State Of Emergency in California

Spread the love

Governor Jerry Brown has declared a state of emergency for the Santa Barbara oil spill. Phyllis Grifman, associate director of the USC Sea Grant Program, is quoted i a a University of Southern California press release as saying, “Nothing worked – they found out about this because people camping nearby or living nearby smelled it. Nothing happened on the part of the infrastructure that could shut it down early.” The spill, she notes, sits beteween two areas under protection for endangered marine wildlife. Taj Meshkati, also a USC professor (of engineering) asked, “Why did it take the company so long to detect and stop the leak? This points to an important human problem in the safety culture issue.” Raj Rajagopalan of USC’s Marshall School of Business, an expert on supply chain management, notes “This spill will have an impact on the local tourism industry given that the sight of oil on its pristine beaches does not help and also on local fisheries. There will be a spillover effect from the tourism impact on other local business. But I anticipate that the effect on the economy will be short-term (a few weeks) because the spill is not very large and so hopefully it will be contained soon.”

Governor Jerry Brown is quoted in the BBC as saying he state would “quickly mobilise all available resources. We will do everything necessary to protect California’s coastline.”

The spill is believed to have put about 21,000 gallons of oil in the ocean.

Have you read the breakthrough novel of the year? When you are done with that, try:

In Search of Sungudogo by Greg Laden, now in Kindle or Paperback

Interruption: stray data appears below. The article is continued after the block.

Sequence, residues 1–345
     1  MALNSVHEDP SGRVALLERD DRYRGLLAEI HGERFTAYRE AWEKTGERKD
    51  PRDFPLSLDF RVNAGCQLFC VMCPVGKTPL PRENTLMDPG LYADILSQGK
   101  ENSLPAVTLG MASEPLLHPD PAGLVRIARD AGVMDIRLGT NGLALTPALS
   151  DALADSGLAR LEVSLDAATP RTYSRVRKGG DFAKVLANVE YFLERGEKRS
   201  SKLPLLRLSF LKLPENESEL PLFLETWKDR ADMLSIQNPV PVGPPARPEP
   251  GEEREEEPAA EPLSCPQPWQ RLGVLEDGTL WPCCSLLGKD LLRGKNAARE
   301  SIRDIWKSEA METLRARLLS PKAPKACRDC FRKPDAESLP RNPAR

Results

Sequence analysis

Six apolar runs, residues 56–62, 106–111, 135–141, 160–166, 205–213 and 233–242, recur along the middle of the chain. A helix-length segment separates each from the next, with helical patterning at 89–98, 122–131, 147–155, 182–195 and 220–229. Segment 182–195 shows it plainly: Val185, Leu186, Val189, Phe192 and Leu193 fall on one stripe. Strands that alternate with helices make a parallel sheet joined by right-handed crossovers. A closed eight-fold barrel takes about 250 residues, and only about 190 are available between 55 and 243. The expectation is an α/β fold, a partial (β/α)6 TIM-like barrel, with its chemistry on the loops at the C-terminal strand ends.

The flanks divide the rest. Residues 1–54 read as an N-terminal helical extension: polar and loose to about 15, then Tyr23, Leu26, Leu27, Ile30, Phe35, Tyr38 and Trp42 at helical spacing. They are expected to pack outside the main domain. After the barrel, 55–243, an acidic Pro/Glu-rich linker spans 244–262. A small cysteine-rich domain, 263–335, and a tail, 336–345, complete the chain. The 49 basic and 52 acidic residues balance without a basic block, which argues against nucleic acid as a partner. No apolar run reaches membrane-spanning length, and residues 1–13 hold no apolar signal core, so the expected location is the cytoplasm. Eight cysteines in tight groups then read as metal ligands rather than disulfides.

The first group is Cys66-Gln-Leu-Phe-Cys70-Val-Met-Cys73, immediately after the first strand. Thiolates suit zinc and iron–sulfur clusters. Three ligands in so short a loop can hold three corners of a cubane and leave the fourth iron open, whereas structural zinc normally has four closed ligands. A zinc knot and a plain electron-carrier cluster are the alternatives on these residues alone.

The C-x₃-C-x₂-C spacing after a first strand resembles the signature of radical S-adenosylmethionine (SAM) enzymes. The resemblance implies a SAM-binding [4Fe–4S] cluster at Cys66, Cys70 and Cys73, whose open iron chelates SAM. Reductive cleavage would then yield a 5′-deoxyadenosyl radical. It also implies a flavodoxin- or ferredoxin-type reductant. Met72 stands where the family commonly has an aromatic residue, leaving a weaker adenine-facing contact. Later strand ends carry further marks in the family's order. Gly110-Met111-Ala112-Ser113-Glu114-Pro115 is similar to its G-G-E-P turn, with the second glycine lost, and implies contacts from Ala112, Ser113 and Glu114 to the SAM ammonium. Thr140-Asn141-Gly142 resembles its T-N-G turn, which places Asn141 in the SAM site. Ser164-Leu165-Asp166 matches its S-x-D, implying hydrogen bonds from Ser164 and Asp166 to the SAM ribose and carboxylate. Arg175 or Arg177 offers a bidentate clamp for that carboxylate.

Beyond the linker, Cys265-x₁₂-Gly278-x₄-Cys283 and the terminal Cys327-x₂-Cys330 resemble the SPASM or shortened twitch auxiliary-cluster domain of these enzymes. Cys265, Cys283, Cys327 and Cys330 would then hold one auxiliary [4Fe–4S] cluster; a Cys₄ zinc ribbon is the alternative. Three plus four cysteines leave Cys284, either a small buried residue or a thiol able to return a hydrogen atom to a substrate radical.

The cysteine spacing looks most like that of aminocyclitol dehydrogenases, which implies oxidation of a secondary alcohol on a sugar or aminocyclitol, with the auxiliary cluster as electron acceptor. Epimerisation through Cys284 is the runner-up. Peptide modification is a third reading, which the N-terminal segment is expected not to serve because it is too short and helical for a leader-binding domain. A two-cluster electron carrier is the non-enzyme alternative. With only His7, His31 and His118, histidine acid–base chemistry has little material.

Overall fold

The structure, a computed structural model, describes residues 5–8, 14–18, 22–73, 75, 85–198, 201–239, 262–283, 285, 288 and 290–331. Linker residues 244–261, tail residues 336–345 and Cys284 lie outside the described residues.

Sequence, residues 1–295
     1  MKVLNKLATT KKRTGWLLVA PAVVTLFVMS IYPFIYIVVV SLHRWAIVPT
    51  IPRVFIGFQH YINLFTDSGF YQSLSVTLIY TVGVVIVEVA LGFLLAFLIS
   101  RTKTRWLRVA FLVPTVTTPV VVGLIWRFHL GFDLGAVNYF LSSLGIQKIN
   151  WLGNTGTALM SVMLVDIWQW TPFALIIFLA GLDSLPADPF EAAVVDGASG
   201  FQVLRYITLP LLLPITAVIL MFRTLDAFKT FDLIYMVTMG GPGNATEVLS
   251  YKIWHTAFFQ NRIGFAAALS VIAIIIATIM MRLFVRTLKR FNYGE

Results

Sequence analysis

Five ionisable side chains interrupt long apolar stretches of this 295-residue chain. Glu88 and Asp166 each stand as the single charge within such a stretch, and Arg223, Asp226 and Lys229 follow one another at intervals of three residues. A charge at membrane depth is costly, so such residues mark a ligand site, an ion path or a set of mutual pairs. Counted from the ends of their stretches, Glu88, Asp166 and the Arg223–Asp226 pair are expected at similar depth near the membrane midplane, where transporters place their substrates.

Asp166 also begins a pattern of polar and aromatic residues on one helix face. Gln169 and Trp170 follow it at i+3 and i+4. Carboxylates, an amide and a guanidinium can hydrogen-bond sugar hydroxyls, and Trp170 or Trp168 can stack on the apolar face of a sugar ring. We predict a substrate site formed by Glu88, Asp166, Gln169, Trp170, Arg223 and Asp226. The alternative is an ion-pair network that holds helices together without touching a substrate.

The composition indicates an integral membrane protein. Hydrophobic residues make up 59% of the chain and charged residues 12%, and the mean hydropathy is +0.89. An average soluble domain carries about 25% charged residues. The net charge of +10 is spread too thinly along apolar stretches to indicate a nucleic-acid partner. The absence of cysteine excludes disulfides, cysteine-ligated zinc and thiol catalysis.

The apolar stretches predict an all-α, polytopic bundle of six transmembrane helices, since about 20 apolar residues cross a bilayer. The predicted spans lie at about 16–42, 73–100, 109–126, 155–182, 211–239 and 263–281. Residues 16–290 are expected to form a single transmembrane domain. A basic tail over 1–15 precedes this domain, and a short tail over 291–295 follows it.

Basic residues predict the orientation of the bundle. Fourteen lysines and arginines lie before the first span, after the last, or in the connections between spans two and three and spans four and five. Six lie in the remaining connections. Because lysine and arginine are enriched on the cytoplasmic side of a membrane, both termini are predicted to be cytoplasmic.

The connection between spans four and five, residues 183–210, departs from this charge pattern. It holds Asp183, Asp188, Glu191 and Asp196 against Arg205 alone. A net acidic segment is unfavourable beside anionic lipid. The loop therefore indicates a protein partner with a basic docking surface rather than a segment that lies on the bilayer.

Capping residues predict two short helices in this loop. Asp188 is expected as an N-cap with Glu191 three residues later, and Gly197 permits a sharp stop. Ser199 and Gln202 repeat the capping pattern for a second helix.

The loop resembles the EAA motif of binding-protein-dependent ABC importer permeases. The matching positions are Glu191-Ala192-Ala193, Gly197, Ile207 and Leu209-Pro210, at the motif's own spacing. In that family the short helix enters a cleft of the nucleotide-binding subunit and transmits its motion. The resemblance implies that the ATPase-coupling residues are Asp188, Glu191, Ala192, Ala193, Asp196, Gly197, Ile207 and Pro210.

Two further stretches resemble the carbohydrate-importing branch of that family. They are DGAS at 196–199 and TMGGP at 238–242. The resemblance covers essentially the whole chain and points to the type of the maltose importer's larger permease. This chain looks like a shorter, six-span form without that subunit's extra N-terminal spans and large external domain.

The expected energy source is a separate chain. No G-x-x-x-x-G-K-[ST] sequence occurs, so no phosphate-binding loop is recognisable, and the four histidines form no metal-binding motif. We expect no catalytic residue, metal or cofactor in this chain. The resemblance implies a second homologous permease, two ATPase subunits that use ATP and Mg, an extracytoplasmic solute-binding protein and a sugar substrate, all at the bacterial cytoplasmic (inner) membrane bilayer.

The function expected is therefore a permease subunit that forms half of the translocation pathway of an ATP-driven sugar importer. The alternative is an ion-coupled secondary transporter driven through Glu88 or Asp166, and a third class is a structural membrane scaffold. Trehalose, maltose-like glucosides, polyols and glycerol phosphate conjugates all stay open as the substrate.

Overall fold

*Please note:
Links to books and other items on this page and elsewhere on Greg Ladens' blog may send you to Amazon, where I am a registered affiliate. As an Amazon Associate I earn from qualifying purchases, which helps to fund this site.

Spread the love

7 thoughts on “State Of Emergency in California

  1. See! This is why the pipeline is so important!
    And yes we will keep the pipeline from leaking! Honest! Trust US! That little leak in Arkansas was just minor nothing, ignore the pictures, really it was nothing! We will continuously inspect the pipe line to insure no leaks! Honest trust Us!!!
    At least a train wreck or boat leak is Self-Limiting, unlike a 2000mile pipe pumping it out!!!

  2. And we’re already hearing that the spill was ~5x larger than originally reported. By a company with a history of infractions:

    Federal records show that the Plains All American Pipeline has had 175 safety and maintenance infractions since 2006, the Los Angeles Times reported. The Times’ analysis found that “Plains’ rate of incidents per mile of pipe is more than three times the national average.”

  3. Santa Barbara is a very conservative area, Reagan moved there. One wonders how the Republicans are going to poo poo this spill and say how conservation is useless.

  4. The company is defending its decision to rely on manual operators to shut down the pipeline in event of a leak. It says that automatic valves can cause pressure surges that might make a problem worse. This is true, of course, for a badly designed system or for one that’s malfunctioned. But by the same token, manual operators can screw up. That happened with another pipeline operator that Santa Barbara County had forced to install automatic shutoff valves. A leak occurred offshore in 1997, and the personnel on duty overrode the automatic system.

    Even if manual shutdown really is superior, Plains All American apparently had inadequate leak-detection instrumentation in place.

  5. Update from 5 June: Hands-on inspection found the pipe thickness at the point of the rupture had been reduced by 80 percent. Experts were puzzled by the discrepancy between this value and the 45 percent reduction indicated by earlier tests.


    I’ve seen nothing about whether instrumentation on that pipeline should have detected the pressure drop.

Leave a Reply

Your email address will not be published.